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Professor Jerzy Rozenblit's computer-assisted surgical trainer can provide visual, force, or audio guidance for realistic training tasks.

More Than Meets the Eye

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More Than Meets the Eye

Dec. 6, 2018
Augmented reality helps surgeons make decisions in real time.

Surgeons want better visual guidance and feedback, says biomedical engineer Suman Mondal of Washington University in St. Louis (USA). Standard diagnostic imaging, such as x-rays and MRIs, are too bulky to use in the operating room. That's why he and surgeons like Obeng-Gyasi are working together to develop compact techniques to see tumors better during breast cancer surgeries.

To that end, they're experimenting with augmented reality (AR) technology, perhaps most well known for its role in games like Pokemon Go. Unlike virtual reality, AR doesn't block out real surroundings to create an artificial environment. It simply lays extra information on top of the real-world environment. "Augmented reality is basically anything that adds information directly to your visual field," says Mondal.

The added visuals for medical AR can be very simple, says Lu Lan, a PhD student at Boston University (USA) who collaborates with Obeng-Gyasi. Prototype AR systems overlay 3D lines and shapes onto a video stream or the surgeon's field of view. It could also potentially allow doctors in another room to annotate images for the surgeon in real time.

AR Surgical Training Tools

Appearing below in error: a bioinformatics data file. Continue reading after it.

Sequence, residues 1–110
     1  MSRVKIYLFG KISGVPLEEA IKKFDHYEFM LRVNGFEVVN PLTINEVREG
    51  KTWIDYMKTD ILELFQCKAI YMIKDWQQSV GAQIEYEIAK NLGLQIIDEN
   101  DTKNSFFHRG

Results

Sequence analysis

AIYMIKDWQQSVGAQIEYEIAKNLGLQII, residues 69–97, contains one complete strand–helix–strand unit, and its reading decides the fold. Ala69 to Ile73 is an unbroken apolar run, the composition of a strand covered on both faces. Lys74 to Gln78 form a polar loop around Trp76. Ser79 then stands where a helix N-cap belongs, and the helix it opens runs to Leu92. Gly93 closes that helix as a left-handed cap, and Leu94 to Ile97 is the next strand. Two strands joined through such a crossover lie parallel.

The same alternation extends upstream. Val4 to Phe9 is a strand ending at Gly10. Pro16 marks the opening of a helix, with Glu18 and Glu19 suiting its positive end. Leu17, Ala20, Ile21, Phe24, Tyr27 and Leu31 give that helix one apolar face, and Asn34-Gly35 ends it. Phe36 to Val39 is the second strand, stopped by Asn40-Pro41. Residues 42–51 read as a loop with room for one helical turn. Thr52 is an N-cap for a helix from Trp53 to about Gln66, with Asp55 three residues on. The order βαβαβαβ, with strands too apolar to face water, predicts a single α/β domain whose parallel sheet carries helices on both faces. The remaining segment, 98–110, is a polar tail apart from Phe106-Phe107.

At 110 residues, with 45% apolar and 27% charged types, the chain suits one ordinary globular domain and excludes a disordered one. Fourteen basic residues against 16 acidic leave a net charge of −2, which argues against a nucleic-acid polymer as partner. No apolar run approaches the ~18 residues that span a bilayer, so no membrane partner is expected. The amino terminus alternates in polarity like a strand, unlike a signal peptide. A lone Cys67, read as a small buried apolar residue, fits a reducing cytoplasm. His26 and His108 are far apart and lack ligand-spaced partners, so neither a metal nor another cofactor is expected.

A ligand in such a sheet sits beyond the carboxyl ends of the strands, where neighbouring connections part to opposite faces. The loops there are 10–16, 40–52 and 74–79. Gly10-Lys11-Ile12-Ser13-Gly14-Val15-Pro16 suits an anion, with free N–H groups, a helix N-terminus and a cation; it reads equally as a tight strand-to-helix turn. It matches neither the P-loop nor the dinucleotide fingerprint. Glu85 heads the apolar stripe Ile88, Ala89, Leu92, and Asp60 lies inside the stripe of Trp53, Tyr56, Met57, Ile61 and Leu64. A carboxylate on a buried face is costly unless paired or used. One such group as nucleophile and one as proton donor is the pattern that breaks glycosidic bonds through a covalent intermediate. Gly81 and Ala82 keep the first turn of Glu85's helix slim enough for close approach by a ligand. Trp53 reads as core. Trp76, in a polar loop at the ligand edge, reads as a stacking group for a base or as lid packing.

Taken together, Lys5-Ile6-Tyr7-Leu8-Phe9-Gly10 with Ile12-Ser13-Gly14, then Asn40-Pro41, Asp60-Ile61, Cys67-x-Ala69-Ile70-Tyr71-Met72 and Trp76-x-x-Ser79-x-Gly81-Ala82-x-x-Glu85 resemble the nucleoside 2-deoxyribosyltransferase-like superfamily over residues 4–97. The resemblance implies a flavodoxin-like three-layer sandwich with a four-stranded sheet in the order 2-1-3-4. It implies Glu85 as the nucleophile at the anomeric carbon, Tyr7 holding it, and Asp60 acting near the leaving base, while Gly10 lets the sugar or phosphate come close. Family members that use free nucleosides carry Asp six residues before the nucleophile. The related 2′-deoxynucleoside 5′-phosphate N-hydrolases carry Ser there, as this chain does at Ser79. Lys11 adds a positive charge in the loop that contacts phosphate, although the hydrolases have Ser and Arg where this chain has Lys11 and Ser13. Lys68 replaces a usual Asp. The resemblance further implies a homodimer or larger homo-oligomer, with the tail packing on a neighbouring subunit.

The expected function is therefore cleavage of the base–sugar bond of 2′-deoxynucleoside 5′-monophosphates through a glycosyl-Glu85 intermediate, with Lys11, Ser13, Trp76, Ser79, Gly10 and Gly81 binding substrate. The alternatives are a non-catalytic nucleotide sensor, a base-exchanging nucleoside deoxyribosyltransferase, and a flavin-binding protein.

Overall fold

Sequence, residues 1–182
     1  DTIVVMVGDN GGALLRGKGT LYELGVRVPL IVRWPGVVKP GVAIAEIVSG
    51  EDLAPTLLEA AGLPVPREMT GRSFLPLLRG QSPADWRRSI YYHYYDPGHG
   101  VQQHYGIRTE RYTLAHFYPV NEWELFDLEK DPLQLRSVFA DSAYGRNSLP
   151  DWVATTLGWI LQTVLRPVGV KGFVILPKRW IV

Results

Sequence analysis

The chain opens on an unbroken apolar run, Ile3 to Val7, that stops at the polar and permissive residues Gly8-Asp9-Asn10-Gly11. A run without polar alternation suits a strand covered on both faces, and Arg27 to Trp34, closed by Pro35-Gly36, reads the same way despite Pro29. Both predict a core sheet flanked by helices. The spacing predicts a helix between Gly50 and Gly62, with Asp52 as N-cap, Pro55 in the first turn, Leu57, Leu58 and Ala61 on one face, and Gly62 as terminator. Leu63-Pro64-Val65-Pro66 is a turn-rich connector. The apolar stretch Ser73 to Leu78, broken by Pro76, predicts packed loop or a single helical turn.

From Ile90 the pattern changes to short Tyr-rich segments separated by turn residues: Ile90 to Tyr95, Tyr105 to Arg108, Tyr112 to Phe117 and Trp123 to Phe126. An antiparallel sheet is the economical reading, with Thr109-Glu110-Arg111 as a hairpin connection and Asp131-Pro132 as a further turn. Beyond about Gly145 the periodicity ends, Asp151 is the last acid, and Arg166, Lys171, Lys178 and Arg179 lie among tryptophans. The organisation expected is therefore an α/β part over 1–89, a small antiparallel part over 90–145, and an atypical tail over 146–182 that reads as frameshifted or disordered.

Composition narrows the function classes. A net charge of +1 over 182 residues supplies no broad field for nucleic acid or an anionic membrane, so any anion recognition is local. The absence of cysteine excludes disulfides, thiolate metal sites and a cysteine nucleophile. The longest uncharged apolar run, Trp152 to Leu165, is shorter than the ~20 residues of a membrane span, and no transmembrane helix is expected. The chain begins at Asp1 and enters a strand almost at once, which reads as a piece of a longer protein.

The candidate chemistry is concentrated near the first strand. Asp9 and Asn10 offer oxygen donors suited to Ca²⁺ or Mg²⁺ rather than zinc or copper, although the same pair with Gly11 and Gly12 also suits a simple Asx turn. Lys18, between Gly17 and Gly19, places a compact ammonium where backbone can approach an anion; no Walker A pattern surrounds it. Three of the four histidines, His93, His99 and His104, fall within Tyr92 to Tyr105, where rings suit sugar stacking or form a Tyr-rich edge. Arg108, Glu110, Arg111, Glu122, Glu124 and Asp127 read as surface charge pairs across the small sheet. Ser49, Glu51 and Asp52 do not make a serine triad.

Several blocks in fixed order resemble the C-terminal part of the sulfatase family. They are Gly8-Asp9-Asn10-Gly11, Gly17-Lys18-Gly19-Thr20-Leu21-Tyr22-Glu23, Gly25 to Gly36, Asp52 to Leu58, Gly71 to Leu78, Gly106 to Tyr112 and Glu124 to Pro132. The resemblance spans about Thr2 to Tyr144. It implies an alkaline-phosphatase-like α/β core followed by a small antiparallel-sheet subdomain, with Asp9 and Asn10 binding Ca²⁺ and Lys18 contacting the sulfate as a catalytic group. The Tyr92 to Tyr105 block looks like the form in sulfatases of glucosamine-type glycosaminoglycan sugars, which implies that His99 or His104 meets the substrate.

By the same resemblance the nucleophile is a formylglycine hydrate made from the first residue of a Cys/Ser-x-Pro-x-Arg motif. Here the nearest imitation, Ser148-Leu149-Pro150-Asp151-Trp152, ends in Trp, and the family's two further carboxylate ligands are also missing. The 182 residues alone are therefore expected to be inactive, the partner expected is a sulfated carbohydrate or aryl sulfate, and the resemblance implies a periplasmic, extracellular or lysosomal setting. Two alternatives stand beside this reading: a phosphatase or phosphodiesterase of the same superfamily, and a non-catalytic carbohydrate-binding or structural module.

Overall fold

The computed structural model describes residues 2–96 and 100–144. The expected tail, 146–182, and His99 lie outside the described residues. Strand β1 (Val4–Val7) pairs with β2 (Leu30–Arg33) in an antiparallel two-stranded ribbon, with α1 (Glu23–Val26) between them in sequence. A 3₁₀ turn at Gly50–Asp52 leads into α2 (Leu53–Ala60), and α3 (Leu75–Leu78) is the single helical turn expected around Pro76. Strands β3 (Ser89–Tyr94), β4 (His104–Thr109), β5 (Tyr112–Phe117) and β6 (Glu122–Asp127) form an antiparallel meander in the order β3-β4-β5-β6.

Outside of the operating room, AR technologies could also be used as an educational tool for medical students. Jerzy Rozenblit, a professor in the Department of Electrical and Computer Engineering, and his group are developing an AR-based kit that students can use to train their depth perception in surgery. The kits consist of deceptively simple hand-eye coordination tasks students have to accomplish using foot-long metal surgical arms. For example, in one task, a user has to thread a hoop on a thin wire without touching the wire.

Currently, Rozenblit's training kits are limited to laparoscopy, a type of surgery commonly performed in the abdomen or pelvis with the aid of a camera inside the body. Similar kits could be developed for breast cancer surgery training, says Rozenblit.

AR-based training can also introduce students to high-risk tasks that their predecessors may have encountered only in real surgeries without prior preparation. "We can create all sorts of training scenarios that are highly repeatable," says Rozenblit. Students can gain experience dealing with rare but critical situations without the risk.